“I’d love to buy art, but I don’t know where to start.” You’ve probably heard that one before.
It’s less likely your next step would be to set up an art fair. But then not everyone thinks like Thom Hetherington, a tenacious optimist if ever there was one.
Back in the mid-noughties his attempt to buy original art in Manchester exposed just how difficult it once was to do that in this town. Faced with only a couple of galleries with “quite an old school approach… only open alternate Tuesdays under a full moon”, he and partner Sophie were eventually led to the studio of North West expressionist Liam Spencer. Hardly the most direct sales route.
Talking to friends in the London art world, their responses were presumptuous: “There are no galleries in Manchester because nobody buys art in Manchester.”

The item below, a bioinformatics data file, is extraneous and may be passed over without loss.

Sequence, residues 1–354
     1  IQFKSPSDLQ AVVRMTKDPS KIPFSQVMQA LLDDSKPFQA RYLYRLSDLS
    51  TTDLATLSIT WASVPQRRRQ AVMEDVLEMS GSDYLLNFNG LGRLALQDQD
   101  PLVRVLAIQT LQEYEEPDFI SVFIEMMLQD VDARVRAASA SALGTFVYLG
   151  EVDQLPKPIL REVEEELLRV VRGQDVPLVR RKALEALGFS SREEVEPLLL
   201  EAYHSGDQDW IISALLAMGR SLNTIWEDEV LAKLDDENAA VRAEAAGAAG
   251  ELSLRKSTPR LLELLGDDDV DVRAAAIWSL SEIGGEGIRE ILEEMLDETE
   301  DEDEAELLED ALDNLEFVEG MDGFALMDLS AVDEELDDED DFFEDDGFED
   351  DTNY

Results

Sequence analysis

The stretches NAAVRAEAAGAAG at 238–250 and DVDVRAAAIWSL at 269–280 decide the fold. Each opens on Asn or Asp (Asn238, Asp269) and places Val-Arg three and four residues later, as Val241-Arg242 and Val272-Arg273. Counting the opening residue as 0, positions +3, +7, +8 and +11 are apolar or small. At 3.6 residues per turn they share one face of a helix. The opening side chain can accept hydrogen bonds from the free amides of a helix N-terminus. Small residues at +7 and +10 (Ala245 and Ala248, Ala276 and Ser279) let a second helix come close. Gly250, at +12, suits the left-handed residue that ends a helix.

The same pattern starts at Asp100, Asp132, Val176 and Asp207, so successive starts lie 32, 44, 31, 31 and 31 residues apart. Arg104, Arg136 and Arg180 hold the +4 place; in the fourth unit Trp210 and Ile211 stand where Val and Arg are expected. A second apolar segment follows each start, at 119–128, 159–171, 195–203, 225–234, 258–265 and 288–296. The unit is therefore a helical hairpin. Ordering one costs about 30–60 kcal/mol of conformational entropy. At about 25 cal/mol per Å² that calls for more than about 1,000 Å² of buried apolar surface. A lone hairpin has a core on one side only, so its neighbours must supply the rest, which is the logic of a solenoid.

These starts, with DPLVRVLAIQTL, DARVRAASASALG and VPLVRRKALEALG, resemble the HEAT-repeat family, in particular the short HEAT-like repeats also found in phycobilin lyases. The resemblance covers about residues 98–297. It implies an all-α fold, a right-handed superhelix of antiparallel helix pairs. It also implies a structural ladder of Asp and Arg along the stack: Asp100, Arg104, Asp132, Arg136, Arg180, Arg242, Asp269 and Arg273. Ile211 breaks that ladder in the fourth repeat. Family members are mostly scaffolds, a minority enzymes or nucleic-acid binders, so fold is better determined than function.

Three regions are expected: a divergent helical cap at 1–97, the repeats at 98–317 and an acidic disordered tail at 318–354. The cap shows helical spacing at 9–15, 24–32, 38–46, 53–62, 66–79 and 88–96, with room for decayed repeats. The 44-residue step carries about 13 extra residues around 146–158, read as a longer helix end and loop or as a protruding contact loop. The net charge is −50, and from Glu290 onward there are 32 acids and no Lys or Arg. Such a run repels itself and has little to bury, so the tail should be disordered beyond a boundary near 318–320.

Hoping to make it easier for those who did, while proving naysayers wrong, in 2008 the couple and comrades launched Buy Art Fair, now White Circle Manchester Art Fair, establishing what has become one of the UK’s most forward-thinking events of its kind. But things didn’t start well.
“It’s probably one of the worst business decisions I’ve ever made,” Hetherington says, explaining that while his team approached galleries and artists with return on investment and marketing strategies, the art world had other concerns. “They were just asking: Who are you? Why are you doing this? Who else is involved? Where have you come from? Who do you know?”